Project-Based Learning: An Assessment From the Perspective of the Spanish University Teacher

Project-Based Learning: An Assessment From the Perspective of the Spanish University Teacher

María Pache-Durán (University of Extremadura, Spain), Esteban Pérez-Calderón (University of Extremadura, Spain) and Alicia Fernanda Galindo-Manrique (Institute of Technology and Higher Education of Monterrey, Mexico)
Copyright: © 2020 |Pages: 18
DOI: 10.4018/978-1-7998-2124-3.ch010

Abstract

This study focuses on the results obtained from the teacher's assessment of Project-Based Learning, a methodological approach that implies a change in the university pedagogical paradigm that affects both the teaching and learning processes. To this end, a study is carried out taking as a sample university teachers during the academic year 2018-2019. Among the results obtained, it is worth mentioning that the teacher considers the Project-Based Learning a methodology that favours in the classroom, constituting a valid alternative to improve the quality of learning in university students.
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Introduction

Today, we are faced with an educational environment where teachers seek to find solutions to the low academic performance of students who are observed in their results, which has become increasingly accentuated in recent years. For this reason, the teacher carries out teaching strategies that are applied in the teaching-learning process of the students. Thus, a new methodology called Project-Based Learning (PBL) arises, which is based on the principle of the construction of learning by students, who become the protagonist capable of carrying out self-study activities and developing skills such as decision making and information search and analysis skills, in contrast to the purely traditional model that was being used in classrooms, where the teacher was the main figure, creator and disseminator of ideas, for a later evaluation of the students' knowledge.

Although PBL may be seen as an aspect of more and more learning techniques, there may be great confusion and ignorance about this term. This method is often referred to in the literature review as Problem Based Learning (PBL) or Inquiry-Based Learning (IIL).

As early as the 1930s, Dewey (1938) affirmed the need to apply real-life problems to teaching through problem-solving techniques. Decades later, Gagné (1965) confirms that scientific concepts applied through research-based methods produced significant learning. Thus, in the 1960s, the Mac Master University School of Medicine in Canada began its development in this methodology. Since then, this educational approach has been put into practice at Universities such as Maastricht (Holland) and Newcastle (Australia), also creating schools implementing the PBL in their curricular structure. From the nineties, its theoretical bases were analysed and discussed in greater depth. As a result, a multitude of possible definitions can now be found in the literature (Savery, 2015; Morales, 2018). The PBL constitutes, therefore, a teaching philosophy carried out since 1968 in America, and since 1974 in Europe (Martínez & Cravioto, 2002).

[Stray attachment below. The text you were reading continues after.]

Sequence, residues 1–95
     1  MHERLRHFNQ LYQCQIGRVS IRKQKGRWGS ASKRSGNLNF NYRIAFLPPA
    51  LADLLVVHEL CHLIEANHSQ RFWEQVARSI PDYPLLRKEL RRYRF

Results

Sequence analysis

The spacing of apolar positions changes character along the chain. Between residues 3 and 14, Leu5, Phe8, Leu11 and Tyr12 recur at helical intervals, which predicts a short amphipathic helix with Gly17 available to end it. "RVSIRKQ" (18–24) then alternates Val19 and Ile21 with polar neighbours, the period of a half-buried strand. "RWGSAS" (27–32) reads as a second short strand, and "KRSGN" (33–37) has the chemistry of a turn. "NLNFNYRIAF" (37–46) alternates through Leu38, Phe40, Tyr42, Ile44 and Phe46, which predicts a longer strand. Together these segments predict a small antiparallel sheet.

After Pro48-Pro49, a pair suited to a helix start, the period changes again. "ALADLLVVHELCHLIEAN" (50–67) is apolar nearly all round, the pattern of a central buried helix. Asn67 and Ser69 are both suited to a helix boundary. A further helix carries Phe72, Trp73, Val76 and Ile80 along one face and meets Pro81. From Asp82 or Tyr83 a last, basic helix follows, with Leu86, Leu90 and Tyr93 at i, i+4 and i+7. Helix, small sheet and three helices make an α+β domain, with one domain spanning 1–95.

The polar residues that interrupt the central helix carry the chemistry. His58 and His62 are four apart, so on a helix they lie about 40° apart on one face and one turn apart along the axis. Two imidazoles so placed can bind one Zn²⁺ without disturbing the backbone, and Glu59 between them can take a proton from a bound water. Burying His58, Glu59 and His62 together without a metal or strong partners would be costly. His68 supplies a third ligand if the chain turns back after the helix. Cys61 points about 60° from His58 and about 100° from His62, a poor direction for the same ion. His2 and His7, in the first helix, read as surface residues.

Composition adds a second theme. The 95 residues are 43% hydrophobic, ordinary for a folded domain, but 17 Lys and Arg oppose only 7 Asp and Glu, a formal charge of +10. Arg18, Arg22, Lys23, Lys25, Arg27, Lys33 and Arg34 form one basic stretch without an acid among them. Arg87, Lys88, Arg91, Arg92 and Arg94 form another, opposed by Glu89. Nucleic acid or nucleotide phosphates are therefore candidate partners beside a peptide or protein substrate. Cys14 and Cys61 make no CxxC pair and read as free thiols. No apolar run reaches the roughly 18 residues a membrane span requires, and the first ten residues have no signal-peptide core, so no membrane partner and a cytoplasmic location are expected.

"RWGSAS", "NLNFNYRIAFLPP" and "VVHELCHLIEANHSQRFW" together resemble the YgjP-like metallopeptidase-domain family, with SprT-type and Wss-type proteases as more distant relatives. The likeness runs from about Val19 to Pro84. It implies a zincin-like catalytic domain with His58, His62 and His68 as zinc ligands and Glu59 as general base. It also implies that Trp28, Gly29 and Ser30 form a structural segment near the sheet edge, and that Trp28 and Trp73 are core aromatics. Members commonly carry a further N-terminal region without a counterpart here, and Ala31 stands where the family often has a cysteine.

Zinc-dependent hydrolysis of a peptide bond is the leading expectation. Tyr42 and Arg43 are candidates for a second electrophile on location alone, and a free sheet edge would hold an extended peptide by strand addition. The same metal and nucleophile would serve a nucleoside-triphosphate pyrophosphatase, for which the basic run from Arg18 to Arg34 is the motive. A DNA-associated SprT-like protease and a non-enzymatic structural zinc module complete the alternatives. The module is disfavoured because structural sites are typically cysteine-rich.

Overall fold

Barrows (1986) defines the PBL as “a learning method based on the principle of using problems as a starting point for the acquisition and integration of new knowledge”. For their part, Morales and Landa (2004) define it as “a teaching-learning strategy that begins with a real or realistic problem, in which a team of students meets to look for a solution”. Its fundamental characteristics are (Barrows, 1996):

  • 1.

    Learning is learner-centred.

  • 2.

    Learning takes place in small groups of students.

  • 3.

    Teachers are facilitators or guides.

  • 4.

    Problems form the focus of organization and stimulation for learning.

  • 5.

    Teachers are facilitators or guides. Problems are a vehicle for the development of clinical problem-solving skills.

  • 6.

    New information is acquired through self-directed learning.

According to Marra, Jonassen, Palmer and Luft (2014), the main characteristics of a PBL teaching environment are as follows:

  • 1.

    Problem-centred Learning: Contents and skills to be learned organized around real authentic problems.

  • 2.

    student-centred Learning: A series of cognitive and affective processes are deployed to investigate and solve the problem.

  • 3.

    Self-direction: Students are required to take responsibility.

  • 4.

    Self-reflection: Students are encouraged to monitor their understanding and learning in order to adjust their strategies.

  • 5.

    Collaborative Work: Exchange is stimulated.

  • 6.

    Teacher Scaffolding: Acting as a facilitator whose fundamental role is to model and guide processes of reasoning, information search and integration, facilitate group processes, and formulate questions to inquire about the accuracy, relevance, and depth of information analysis.

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